Towards guided data assimilation for operational hydrologic forecasting in the US Tennessee River basin

Thursday, 18 December 2014: 4:30 PM
Albrecht Weerts1, Andrew W Wood2, Martyn P Clark3, Shaun Carney4, Gerald N Day4, Matthijs Lemans5, Julius Sumihar1 and Andrew James Newman2, (1)Deltares, Delft, Netherlands, (2)National Center for Atmospheric Research, Boulder, CO, United States, (3)NCAR, Boulder, CO, United States, (4)Riverside Technology Inc., Fort Collins, CO, United States, (5)Deltares USA, Silver Spring, MD, United States
In the US, the forecasting approach used by the NWS River Forecast Centers and other regional organizations such as the Bonneville Power Administration (BPA) or Tennessee Valley Authority (TVA) has traditionally involved manual model input and state modifications made by forecasters in real-time. This process is time consuming and requires expert knowledge and experience. The benefits of automated data assimilation (DA) as a strategy for avoiding manual modification approaches have been demonstrated in research studies (eg. Seo et al., 2009).

This study explores the usage of various ensemble DA algorithms within the operational platform used by TVA. The final goal is to identify a DA algorithm that will guide the manual modification process used by TVA forecasters and realize considerable time gains (without loss of quality or even enhance the quality) within the forecast process.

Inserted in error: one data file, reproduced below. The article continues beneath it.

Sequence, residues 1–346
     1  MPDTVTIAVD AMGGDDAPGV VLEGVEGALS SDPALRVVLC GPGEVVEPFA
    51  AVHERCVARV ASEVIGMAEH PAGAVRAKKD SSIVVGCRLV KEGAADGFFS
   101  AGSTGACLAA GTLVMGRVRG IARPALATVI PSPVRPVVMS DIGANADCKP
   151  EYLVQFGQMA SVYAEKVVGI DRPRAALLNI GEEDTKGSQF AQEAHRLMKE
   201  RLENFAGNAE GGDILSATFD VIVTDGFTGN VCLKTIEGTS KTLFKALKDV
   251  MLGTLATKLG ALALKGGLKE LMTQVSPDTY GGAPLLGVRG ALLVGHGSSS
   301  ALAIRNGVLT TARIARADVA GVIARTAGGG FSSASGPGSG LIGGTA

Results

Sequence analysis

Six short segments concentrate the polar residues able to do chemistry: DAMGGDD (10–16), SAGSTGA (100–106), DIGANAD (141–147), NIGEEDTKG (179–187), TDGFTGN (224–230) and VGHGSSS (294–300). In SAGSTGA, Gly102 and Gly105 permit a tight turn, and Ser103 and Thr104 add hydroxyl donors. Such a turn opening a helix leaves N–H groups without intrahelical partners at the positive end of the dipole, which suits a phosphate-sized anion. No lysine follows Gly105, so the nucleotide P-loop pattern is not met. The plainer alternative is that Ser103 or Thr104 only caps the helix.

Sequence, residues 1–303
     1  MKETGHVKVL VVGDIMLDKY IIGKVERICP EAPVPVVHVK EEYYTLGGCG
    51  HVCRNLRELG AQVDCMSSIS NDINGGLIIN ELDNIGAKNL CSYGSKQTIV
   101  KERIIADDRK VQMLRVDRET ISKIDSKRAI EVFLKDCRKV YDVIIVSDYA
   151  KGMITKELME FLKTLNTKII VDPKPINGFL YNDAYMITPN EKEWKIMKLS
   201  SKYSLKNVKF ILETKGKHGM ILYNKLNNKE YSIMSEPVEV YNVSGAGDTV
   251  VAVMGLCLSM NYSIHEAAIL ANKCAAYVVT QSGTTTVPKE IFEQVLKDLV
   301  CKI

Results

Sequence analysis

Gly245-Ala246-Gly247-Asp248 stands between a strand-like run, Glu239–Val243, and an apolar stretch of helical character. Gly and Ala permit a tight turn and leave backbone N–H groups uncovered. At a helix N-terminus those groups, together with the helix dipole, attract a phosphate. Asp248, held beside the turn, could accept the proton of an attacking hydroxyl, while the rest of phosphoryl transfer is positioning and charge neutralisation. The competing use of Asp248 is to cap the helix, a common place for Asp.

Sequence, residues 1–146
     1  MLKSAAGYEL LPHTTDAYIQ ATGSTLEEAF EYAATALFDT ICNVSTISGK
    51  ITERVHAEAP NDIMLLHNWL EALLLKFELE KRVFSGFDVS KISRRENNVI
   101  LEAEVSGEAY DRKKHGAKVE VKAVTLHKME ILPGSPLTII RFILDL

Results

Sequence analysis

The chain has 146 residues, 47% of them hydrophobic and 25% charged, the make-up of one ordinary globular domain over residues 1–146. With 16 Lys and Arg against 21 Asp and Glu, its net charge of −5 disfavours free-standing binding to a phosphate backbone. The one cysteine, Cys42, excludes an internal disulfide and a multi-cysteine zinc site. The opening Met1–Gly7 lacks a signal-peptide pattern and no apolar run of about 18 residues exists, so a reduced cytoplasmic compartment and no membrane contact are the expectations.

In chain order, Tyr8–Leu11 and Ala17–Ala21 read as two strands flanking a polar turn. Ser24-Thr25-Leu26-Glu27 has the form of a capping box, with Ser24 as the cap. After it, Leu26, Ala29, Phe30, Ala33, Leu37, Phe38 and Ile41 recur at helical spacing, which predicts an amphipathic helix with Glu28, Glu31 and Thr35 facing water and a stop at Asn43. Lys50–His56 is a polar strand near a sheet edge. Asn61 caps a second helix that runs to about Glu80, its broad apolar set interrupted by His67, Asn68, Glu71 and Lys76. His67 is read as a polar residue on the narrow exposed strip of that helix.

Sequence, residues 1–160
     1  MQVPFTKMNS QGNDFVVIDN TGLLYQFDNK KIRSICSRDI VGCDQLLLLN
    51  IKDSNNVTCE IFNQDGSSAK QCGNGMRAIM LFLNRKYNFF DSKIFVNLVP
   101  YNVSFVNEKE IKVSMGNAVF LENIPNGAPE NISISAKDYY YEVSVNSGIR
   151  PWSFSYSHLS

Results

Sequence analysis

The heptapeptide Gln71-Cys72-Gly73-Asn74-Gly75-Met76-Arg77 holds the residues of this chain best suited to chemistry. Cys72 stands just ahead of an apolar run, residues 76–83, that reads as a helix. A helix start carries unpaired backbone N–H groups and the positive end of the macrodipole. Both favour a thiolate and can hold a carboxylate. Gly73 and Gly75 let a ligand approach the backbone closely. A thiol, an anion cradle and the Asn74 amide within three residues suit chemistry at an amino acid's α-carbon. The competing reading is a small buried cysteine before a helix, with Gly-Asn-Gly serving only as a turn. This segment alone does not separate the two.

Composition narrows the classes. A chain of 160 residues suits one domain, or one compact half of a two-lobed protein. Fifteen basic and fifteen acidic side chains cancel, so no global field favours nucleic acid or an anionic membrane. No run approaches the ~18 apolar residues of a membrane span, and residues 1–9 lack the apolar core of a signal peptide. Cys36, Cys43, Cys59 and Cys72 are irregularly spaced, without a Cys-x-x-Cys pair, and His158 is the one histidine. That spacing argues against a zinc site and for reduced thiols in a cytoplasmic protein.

We evaluate the usability of various popular algorithms for DA that have been applied on a limited basis for operational hydrology. To this end, Delft-FEWS was wrapped (via piwebservice) in OpenDA to enable execution of FEWS workflows (and the chained models within these workflows, including SACSMA, UNITHG and LAGK) in a DA framework. Within OpenDA, several filter methods are available. We considered 4 algorithms: particle filter (RRF), Ensemble Kalman Filter and Asynchronous Ensemble Kalman and Particle filter. Retrospective simulation results for one location and algorithm (AEnKF) are illustrated in Figure 1. The initial results are promising. We will present verification results for these methods (and possible more) for a variety of sub basins in the Tennessee River basin. Finally, we will offer recommendations for guided DA based on our results.


Seo, D.-J., L. Cajina, R. Corby and T. Howieson, 2009: Automatic State Updating for Operational Streamflow Forecasting via Variational Data Assimilation, 367, Journal of Hydrology, 255-275.

Figure 1. Retrospectively simulated streamflow for the headwater basin above Powell River at Jonesville (red is observed flow, blue is simulated flow without DA, black is simulated flow with DA)